Select Fonts for Global Consistency

Although it seems like a minor step in the localization process, font choice can dramatically impact the layout and readability of your localized user interface and can also result in an inconsistent look and feel. To avoid picking the wrong font for your product, keep the following font-related notes in mind.

Fonts Must Provide Multi-Lingual Support

First and foremost, you need to choose a font that is Unicode-compliant, meaning the characters and text of your application have been encoded in a way that enables the exchange of text data internationally. It’s risky to assume that all fonts claiming to be Unicode will address all font-related issues in your multilingual interface. Some Unicode fonts may only support characters at the correct code-point and may not have usable characters for all code-points.

To prevent issues with Unicode fonts, refer to the recently introduced Google Noto Fonts, which aim to provide pan-language harmony and can be used for web as well as desktop applications. There are many resources* available online where you can search for a list of fonts that are Unicode compatible and the characters they support.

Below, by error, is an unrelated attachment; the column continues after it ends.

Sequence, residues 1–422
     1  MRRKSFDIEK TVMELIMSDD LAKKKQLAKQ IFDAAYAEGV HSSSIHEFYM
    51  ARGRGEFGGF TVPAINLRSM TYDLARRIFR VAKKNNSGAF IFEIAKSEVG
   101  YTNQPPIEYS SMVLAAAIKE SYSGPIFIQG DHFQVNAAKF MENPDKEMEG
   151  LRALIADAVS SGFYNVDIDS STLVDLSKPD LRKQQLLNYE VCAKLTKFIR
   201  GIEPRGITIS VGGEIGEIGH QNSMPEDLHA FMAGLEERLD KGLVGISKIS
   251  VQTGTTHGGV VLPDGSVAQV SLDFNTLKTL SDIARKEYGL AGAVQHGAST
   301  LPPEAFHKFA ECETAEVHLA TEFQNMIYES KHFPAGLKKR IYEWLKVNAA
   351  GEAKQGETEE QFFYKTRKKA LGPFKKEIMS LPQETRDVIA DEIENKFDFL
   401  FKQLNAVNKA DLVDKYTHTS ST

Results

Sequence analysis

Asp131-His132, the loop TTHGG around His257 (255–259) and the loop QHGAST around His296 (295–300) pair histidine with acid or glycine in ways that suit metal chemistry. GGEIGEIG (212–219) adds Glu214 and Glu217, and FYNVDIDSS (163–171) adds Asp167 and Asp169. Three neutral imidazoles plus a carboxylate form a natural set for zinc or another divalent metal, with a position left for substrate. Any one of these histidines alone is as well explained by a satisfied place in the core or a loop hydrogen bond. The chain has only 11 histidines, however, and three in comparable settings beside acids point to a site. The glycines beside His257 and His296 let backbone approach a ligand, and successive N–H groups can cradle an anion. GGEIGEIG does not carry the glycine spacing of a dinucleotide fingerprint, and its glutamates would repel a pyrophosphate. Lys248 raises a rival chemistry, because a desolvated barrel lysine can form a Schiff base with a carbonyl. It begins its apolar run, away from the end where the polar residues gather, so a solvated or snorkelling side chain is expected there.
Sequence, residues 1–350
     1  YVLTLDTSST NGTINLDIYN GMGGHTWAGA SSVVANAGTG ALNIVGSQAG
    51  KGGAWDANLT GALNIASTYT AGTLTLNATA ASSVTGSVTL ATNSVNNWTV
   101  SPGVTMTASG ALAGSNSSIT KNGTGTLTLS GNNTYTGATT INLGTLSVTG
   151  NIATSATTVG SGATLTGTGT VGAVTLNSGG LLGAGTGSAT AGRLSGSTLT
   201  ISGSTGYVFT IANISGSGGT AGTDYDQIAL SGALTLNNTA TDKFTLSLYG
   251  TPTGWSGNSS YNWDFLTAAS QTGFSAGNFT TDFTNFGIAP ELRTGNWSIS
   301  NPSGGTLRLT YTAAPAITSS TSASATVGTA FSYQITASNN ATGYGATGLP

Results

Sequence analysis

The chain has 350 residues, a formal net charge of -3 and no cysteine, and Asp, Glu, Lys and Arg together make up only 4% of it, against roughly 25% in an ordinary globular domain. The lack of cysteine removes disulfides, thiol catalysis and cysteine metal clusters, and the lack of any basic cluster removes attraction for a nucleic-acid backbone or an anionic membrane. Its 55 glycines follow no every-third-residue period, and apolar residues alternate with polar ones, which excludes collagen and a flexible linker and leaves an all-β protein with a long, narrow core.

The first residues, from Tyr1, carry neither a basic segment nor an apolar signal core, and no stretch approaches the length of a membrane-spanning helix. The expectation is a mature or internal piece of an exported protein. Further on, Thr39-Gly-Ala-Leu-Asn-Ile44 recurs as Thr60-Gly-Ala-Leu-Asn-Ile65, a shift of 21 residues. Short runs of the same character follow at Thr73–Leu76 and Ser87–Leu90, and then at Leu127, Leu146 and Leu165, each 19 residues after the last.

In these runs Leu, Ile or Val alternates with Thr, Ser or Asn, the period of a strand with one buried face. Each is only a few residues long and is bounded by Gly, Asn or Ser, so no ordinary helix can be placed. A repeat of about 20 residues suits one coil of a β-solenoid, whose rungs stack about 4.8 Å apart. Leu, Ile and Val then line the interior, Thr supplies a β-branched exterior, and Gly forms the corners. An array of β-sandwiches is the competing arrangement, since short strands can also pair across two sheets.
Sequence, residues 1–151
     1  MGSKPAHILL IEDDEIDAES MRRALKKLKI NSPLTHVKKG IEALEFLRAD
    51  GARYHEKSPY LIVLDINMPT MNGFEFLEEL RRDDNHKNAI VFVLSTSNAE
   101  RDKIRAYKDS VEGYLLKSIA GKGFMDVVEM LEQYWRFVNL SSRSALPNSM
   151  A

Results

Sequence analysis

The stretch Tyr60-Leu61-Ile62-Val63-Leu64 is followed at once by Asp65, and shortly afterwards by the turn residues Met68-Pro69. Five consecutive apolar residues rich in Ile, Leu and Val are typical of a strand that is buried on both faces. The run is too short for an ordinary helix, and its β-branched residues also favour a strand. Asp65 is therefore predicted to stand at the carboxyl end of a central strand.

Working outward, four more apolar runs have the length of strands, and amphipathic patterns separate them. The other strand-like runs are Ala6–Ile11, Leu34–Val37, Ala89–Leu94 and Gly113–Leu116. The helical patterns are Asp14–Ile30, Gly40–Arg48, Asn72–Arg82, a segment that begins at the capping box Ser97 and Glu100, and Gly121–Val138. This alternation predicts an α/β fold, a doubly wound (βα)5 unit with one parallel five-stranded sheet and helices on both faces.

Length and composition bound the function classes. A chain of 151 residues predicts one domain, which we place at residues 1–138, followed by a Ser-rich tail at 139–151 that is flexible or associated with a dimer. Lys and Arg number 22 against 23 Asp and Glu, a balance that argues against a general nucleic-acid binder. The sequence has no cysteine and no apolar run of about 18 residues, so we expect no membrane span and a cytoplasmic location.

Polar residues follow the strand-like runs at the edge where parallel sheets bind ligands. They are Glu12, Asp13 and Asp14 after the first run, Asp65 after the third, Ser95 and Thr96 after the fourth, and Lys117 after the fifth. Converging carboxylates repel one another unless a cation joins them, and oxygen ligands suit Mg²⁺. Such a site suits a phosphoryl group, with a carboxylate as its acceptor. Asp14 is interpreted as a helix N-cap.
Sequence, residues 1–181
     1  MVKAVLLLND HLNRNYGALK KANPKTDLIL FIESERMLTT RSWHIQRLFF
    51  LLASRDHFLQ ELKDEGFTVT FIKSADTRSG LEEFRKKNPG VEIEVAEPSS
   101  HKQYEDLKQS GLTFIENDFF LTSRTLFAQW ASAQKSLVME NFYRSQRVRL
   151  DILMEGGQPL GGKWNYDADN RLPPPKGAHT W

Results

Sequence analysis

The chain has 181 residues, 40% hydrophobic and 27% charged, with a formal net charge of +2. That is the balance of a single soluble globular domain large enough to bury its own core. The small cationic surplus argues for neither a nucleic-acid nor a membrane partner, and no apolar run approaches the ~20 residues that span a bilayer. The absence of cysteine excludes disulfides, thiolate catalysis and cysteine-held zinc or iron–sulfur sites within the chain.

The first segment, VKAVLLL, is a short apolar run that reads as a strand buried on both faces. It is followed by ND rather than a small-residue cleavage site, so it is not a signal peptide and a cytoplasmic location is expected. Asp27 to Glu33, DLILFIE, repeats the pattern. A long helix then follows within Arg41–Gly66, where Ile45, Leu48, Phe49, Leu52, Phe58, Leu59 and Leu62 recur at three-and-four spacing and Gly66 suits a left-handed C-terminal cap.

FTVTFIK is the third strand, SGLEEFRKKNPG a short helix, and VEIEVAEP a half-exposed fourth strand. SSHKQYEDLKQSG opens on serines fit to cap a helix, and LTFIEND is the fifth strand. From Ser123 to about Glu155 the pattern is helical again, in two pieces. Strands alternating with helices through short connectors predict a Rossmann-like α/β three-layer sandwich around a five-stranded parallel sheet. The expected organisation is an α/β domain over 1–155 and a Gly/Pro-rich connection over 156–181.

Font Sizes Vary from Language to Language

A 12px font may be readable in English with no issues, while the same font may be extremely difficult to see when translated to Japanese. That leaves us with the question, is there an ideal multilingual font size? Unfortunately, there isn’t an ideal font size that works for all languages across the globe, but one option is to implement a dynamic layout to handle varying text size. If you wish to maintain a globally consistent layout, you could also adopt a variable font size option to give a better user experience across languages and devices. We’ll use the following example to explain further.

If you are designing a website, then it is common practice to use separate language-specific style sheets and define specific styles to suit every target language. In the example below, the font-size for the text “I am a student” will vary, based on the language, as specified in 2 different stylesheets style.en-US.css and style.ja-JP.css.

 

English (style.en-US.css) Japanese (style.ja-JP.css)
p { font-size: 14px; } p { font-size: 16px; }
I am a student 我是一名学生。

Manage Content for Different Global Markets

Now that we’ve discussed how to lay out your website to create a localization friendly user interface, we must address how to manage your content for different global markets. Because that’s going to take more than a few sentences, we’re going to save it for later this week, so check back for part 2 of our designing a localization friendly user-interface series!